Dakota Storm will be up for pre-order soon! Right now I’m working on the blurb <– slightly nightmarish, but necessary. I thought I’d share the first scene today. This is a New Adult Romance set in a small town. New Adult can best be explained very simply: These characters are right out of college. They’re working their first ‘real’ jobs, are experiencing their first ‘real’ relationships, and they are very young – 22/23 years old.
“I didn’t sign up to fix fence by myself today.” Misty Evans raised the pole driver and slammed it down on the steel fence post several times to drive it into the ground. The muscles in her arms stung as though she’d been zapped with electricity from the repetitive gesture, her biceps vibrating from three continuous hours of straightening posts. “Just spit it out. I know something is going on by the way you’re checking your cell every five seconds. If you’re not going to help, you might as well talk. Lord knows you’re good at that.”
She slipped the pole driver off the fence post and stretched her back muscles. She glanced in Matt’s direction when he said nothing. “Well?” she prodded.
Her twin brother flashed his usual shit-eating grin and leaned against Misty’s rusted-out Ford. His dusty jeans and ball cap looked like they’d seen better days. He pointed at her with his cell. “Maybe I’ll wait until you’re finished. No sense in giving you bad news when you have a possible weapon in your hand.”
The news couldn’t be too bad considering he was smiling. “Chickenshit,” she muttered.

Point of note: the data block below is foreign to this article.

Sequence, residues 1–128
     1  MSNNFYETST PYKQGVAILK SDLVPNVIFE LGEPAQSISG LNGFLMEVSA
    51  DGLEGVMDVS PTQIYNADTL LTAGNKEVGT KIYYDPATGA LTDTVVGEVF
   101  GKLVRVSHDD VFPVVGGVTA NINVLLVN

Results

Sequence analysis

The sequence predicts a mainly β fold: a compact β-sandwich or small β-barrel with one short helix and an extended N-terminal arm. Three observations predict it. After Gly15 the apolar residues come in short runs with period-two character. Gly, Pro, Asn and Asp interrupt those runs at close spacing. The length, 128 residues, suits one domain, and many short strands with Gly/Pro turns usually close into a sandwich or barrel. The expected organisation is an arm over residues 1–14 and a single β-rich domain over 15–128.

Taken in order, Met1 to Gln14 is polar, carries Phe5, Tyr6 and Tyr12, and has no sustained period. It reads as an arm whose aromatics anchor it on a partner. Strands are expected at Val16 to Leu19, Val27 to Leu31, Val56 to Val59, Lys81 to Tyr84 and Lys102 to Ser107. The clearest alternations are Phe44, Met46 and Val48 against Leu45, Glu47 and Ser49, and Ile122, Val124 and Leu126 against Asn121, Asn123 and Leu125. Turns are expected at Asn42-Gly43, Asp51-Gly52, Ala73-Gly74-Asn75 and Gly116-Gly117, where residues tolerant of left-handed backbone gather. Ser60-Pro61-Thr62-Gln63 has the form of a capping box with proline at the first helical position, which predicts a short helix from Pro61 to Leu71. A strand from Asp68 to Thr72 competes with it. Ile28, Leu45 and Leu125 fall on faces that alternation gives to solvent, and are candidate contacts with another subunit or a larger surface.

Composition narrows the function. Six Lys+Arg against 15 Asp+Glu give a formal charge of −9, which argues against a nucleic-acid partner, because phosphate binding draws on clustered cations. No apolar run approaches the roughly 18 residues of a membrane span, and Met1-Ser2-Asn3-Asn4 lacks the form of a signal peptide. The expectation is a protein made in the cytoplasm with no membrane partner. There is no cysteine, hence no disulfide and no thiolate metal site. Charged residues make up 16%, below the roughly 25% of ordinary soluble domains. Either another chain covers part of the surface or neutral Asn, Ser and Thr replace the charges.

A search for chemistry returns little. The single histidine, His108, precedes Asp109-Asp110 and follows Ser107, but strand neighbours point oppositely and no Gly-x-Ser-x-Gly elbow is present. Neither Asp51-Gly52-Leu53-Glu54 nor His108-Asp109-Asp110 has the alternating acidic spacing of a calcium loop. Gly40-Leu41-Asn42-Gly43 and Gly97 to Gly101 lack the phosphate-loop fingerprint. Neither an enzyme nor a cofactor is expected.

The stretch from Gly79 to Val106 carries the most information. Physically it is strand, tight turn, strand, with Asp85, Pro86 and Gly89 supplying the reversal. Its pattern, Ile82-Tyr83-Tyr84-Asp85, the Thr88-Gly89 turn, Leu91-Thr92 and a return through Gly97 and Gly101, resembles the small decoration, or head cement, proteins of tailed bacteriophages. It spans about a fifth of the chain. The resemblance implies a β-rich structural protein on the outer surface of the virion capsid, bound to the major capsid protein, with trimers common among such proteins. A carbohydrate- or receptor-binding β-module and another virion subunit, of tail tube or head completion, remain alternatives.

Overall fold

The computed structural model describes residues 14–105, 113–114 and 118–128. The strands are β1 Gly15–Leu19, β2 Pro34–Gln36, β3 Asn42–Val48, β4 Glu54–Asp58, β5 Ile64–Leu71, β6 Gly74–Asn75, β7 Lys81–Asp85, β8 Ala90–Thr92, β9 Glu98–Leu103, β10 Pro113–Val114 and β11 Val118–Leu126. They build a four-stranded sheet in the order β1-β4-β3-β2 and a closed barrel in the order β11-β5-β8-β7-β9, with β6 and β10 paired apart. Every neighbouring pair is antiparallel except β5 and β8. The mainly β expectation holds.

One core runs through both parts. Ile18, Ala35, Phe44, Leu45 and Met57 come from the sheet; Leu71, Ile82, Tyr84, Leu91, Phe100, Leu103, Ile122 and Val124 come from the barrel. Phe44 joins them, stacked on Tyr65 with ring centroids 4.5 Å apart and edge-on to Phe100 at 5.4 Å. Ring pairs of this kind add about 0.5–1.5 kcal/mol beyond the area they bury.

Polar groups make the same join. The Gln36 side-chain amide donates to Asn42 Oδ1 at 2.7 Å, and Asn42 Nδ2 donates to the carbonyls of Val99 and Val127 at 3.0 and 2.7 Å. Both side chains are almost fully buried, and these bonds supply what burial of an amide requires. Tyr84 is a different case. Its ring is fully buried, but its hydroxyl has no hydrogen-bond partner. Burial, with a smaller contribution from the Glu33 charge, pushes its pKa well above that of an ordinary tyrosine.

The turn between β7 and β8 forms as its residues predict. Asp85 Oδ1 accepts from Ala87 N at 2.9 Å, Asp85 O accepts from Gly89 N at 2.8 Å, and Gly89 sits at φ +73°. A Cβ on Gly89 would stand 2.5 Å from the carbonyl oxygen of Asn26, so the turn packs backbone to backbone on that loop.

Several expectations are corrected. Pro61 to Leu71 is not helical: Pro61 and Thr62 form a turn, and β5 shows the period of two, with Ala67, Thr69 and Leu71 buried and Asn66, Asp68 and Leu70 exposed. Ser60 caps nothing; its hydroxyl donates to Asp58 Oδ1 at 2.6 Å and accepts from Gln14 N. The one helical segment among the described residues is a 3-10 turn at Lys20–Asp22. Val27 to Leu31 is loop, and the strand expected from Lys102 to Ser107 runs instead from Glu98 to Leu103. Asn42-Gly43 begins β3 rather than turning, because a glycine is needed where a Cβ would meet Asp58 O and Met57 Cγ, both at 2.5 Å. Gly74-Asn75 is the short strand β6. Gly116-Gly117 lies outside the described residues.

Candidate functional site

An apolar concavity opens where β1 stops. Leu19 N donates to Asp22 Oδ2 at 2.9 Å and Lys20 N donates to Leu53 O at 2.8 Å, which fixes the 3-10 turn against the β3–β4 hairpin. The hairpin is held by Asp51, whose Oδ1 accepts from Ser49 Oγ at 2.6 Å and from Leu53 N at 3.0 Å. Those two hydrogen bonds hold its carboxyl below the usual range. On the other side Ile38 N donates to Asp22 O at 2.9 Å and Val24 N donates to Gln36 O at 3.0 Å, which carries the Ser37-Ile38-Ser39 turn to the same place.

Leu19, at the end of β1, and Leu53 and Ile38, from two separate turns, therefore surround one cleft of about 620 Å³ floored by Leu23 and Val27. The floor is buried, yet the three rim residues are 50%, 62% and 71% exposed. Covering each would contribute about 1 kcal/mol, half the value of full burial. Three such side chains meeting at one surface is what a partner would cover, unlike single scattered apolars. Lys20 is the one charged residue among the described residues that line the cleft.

“I heard that.”
She’d meant him to. Even if he hadn’t heard her, he’d probably have guessed what she was thinking. Rarely did a day go by that she couldn’t communicate what she was thinking with a mere look when it came to her twin. Came with the territory. She gave her back one last tweak and headed toward him. He sure was getting a kick out of keeping her waiting.
He adjusted his ball cap, bent down to pick up his gloves and pliers off the ground where he’d tossed them earlier, and stood to face her. She had no doubt he was stalling. His trademark grin was gone, replaced with, what she perceived to be, an apologetic grimace. “David’s back.”
“From Afghanistan?” What could possibly upset her about that news? She might walk across a street made of nails barefoot just to avoid running into him, but that didn’t mean she hadn’t prayed for his safe return. She looked down at the ground, not wanting her brother to see the relief on her face. She was more relieved than she cared to admit, but that was an argument for another day. “That’s great. I bet Mike and Nora can breathe a sigh of relief now,” she said, referring to David’s parents.
“David’s back in town.” There was a slight pause. “He’s home, Misty.”
Her stomach plummeted. Standing in the middle of the prairie with endless blue skies and errant wisps of white clouds above, she couldn’t blame her sudden lightheadedness on a lack of oxygen. She’d had four long years to learn to school her expression whenever David’s name popped up unexpectedly, and she’d damn near mastered the knack. But “back in town” had never followed his name before now.
“Say what?” she mumbled. Her lips were numb and useless, much like her brain at the unexpected news.
She imagined she must look like a startled raccoon caught on the side of a busy highway, so she clamped her mouth shut and fought to regain a semblance of the peace she’d owned before Matt had dropped the bomb.
“Guess you want me to kick his ass? Maybe rough him up a bit?” Matt’s smirk was back. Her brother never could stay serious for long.
She ignored his pitiful, misplaced attempt at humor. Gossip ran rampant in this town, and most of the time a person couldn’t weed out the bullshit from the truth. It was likely just a rumor. Please be a rumor. “Are you sure?”
“Has no one texted you yet? Hell, my boots hadn’t hit the dirt before I’d gotten fifty texts about him. Tucker saw him at the gas station yesterday. Shane ran into him at the grocery store this morning. Word in town is that he’s staying at Caroline’s.”